Arts In Defense of a Certain Rabbit Who’s Running Scared
It’s not “in” to say this, especially post Hitchens’ Atlantic piece, but I like John Updike. I’m glad that he continues to exist. One of my friends raises an imaginary gun to her temple whenever The New Yorker publishes a new story by him. Former Stranger staffer Nate Lippens used to say: “Too male, too pale, to stale, too Yale,” which still makes me laugh. Paul Constant has a review of Updike’s Terrorist in The Stranger that comes out in a couple days, and I don’t want to give anything away, but the sub-headline of the review is: “Newsflash: John Updike Is Not ‘With It.’”
What inspires me to raise an imaginary gun to my temple, more often than not, is the Sunday New York Times Book Review, which was so crashingly boring this week I can’t bring myself to revisit it. The only thing I read to the end? On the last page, an essay by Updike commenting on that article by Kevin Kelly on the cover of the New York Times Magazine a couple weeks ago—the one about the end of physical books as we know them. That article was annoying, especially the part where—and Updike takes Kelly to task for this—Kelly describes that, once all books ever written by anyone are owned by everyone on the universal library of all written knowledge or whatever, copies of books are no longer going to be how writers make money. Writers will instead make money on “performances, access to the creator, personalization…” This is presented as an exciting development: more fetishization of the writer as opposed to the writing. Sounds like a goddamn nightmare. Kelly is the “senior maverick” for Wired magazine, and I bet he watches a lot of TV.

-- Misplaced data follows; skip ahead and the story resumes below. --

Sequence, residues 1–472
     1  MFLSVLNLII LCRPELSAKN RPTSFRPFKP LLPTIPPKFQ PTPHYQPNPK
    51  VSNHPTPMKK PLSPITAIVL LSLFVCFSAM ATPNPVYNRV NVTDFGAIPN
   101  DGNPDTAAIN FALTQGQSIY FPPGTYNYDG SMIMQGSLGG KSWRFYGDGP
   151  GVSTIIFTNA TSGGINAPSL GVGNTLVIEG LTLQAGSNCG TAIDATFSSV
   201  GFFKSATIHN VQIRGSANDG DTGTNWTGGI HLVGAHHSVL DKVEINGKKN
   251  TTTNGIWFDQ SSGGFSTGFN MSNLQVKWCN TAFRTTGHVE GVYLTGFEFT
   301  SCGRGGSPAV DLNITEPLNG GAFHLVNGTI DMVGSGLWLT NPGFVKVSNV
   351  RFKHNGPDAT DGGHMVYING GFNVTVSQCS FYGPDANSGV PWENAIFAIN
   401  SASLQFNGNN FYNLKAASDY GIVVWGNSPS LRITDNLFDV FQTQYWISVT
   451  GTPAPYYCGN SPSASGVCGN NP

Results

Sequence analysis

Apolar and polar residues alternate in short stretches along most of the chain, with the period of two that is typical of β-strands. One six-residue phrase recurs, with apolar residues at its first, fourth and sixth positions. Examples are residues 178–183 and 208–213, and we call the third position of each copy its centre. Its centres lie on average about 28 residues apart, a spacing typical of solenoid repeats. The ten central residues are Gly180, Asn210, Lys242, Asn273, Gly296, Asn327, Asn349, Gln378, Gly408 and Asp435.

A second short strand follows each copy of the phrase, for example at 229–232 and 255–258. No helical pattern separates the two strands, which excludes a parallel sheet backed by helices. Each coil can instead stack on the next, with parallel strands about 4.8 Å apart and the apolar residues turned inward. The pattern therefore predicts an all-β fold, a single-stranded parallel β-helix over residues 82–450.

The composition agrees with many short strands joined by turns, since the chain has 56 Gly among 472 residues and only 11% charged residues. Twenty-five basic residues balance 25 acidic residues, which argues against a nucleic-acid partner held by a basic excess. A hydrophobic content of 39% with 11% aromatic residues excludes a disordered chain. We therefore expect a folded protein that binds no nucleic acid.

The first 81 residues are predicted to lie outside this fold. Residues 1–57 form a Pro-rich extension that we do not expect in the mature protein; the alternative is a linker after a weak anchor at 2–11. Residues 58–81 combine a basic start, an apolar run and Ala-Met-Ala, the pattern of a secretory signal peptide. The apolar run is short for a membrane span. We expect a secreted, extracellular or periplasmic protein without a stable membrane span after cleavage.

Incidentally, the Updike piece was adapted from a talk he gave at BookExpo America a couple weeks ago (a bookseller convention that Paul Constant ate pâté at).
And here’s a link for anyone who wants a lot more information about Updike’s career than you probably need.
UPDATE: I just found—on that abovelinked Updike page (actually, a sub-page called What’s New in Updikiana) a link to this rebuttal to John Updike on Time magazine’s website. Now, I loves me some Sean Wilsey, and he makes a lot of good points and a couple of choice digs (Updike is “a writer who hasn’t actually been edited for decades”), but Sean, what about the whole making-money issue? How do you feel about selling personal access to yourself as your only way of making a living? (This particular issue is complicated by you, Sean, since your book is a memoir—which is, you know, a way of selling to other people access to yourself.)